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State Legislators and Policymakers Vote “Yes” for Hemp at Annual National Legislative Conference Hosted by Chicago

Posted on August 2, 2000

Chicago, Illinois — About 1,500 state legislators, staff, policymakers, and other government officials passed through a booth display about industrial hemp sponsored by Hempwell Inc. a marketing firm for businesses with an interest in hemp products, at the annual National Conference for State Legislators held July 16-20 in Chicago. Those curious about hemp were nearly one-third of the 4,500 conference attendees.

The booth featured hemp goods from supporting companies The Body Shop, Artisan Gear, Eco Dragon, Hemp Supply, and Living Tree Paper, along with goods from a local supporter, Patricia O’Brien of Chicago’s Eco Fields, the Midwest’s only hemp retail store. Hundreds of copies of The Body Shop’s mini-Full Voice hemp booklet were given out, along with copies of Hemptech’s Industrial Hemp pamphlet, Vote Hemp fliers, and sponsoring companies’ catalogues. The Hemp for Victory video played continuously.

The response was overwhelmingly positive, says Hempwell president John Howell. “The ordinary state legislator is way ahead of the federal government on the issue of re-introducing industrial hemp into our nation’s agriculture. We heard from many legislators who plan to support and sponsor hemp bills in this upcoming legislative season. Ten states already have bills or resolutions, and with more than a half dozen in the works that we heard about at this conference, one-third of the states could be going on record as in favor of hemp by next year.”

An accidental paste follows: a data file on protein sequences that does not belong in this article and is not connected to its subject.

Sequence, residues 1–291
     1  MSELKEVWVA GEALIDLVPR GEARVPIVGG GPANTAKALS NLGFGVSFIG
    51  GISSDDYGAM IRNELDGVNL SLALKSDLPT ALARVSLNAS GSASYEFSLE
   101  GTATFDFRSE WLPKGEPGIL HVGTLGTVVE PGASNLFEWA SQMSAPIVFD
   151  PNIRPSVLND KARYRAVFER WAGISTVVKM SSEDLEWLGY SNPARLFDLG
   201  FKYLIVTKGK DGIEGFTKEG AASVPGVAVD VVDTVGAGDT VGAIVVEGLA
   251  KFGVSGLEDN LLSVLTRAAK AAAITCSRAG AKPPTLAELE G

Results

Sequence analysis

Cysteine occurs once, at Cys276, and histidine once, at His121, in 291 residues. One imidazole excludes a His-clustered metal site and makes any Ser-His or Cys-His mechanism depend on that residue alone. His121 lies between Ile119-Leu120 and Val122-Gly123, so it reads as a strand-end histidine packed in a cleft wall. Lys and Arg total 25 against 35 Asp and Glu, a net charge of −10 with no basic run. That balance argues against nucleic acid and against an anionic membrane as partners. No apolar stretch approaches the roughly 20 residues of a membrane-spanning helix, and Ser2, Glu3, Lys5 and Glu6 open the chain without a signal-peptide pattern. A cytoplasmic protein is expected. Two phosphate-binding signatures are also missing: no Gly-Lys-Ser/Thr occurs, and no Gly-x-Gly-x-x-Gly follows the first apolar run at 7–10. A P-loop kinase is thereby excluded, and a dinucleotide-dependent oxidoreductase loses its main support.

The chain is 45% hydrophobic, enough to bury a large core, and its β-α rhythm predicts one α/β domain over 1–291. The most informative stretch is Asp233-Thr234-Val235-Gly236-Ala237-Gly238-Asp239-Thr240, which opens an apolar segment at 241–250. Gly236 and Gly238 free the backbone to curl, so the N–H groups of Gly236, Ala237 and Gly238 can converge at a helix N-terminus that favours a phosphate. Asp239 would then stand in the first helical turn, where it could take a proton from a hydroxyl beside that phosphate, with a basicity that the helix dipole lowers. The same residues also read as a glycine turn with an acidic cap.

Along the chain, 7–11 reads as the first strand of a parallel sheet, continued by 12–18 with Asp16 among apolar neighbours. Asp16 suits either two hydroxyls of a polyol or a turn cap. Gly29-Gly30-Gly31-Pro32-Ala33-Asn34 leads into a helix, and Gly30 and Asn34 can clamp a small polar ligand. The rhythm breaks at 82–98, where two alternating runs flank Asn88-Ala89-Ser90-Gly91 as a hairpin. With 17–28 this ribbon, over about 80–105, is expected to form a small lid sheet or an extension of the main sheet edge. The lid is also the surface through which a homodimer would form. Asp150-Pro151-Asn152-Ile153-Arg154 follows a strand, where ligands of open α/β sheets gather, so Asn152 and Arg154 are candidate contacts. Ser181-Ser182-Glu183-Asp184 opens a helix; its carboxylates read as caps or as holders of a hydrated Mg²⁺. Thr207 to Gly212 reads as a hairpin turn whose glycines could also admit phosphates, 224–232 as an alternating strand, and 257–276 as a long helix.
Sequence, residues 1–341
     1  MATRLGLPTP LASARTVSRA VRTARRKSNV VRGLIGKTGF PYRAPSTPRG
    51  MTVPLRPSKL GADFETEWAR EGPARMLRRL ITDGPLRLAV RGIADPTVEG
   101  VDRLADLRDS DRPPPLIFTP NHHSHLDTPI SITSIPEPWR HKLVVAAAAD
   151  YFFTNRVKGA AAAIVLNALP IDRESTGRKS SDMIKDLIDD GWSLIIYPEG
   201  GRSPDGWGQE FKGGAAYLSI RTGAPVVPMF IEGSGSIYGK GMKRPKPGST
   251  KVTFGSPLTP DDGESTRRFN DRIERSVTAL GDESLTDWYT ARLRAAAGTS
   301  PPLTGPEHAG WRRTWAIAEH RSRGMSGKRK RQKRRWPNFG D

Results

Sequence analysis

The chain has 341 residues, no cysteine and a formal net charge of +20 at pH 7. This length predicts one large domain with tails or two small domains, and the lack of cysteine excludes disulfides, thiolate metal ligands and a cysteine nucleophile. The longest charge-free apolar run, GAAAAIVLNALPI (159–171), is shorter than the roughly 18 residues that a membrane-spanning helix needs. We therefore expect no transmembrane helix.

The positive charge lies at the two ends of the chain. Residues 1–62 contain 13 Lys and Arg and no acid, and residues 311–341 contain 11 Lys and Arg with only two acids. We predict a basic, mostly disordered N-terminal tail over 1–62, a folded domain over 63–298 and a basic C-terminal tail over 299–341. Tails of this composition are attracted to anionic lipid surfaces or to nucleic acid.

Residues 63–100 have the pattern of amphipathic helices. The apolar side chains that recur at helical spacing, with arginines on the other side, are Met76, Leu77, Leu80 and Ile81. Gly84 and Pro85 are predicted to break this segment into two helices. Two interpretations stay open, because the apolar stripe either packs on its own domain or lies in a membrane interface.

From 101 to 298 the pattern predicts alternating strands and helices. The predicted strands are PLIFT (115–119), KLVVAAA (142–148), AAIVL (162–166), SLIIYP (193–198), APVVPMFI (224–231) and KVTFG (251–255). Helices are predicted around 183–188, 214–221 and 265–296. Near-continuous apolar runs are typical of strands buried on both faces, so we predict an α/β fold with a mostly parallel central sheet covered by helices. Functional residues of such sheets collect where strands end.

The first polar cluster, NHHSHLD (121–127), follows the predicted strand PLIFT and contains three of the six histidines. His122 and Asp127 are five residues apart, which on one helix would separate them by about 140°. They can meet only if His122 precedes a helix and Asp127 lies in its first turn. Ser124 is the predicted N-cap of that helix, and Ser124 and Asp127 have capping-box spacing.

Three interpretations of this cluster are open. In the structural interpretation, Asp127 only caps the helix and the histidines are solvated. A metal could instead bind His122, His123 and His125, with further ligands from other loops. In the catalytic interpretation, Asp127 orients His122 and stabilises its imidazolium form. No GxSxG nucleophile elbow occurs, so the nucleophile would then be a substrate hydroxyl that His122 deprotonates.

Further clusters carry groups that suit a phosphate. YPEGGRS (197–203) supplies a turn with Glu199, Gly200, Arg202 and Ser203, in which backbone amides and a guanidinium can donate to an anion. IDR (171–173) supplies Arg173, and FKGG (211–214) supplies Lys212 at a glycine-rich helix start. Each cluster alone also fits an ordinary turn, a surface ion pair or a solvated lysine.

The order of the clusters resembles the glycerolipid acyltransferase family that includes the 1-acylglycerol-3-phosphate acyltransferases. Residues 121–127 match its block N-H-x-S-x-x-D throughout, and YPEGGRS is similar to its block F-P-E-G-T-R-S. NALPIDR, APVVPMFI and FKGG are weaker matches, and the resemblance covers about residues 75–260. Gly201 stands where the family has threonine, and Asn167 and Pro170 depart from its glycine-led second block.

Hemp was on the NCSL’s official agenda for the first time, and an opening day panel on legislative, agricultural, and law enforcement issues drew a standing room only crowd. Representative Cynthia Thielen of Hawaii made a persuasive case about that state’s political leadership on hemp issues and Dr. Don Briskin of the University of Illinois gave a concise history and description of cannabis as agricultural crop and product. A Missouri Highway Patrol representative gave an irrelevant speech about how growing hemp would confuse already pot-addled teenagers, a commentary greeted with silent disbelief by the large crowd.

The next day, a follow-up panel was scheduled to deal with hemp’s role in the natural products boom and to discuss legislative procedures. The exhibition hall opened, and the Hempwell booth clocked over three hundred visitors in the first four hours. In another development, there was talk not only about scheduling hemp as a topic on next year’s NCSL agenda but about NCSL consideration of a pro-hemp resolution at its annual executive meeting in December.

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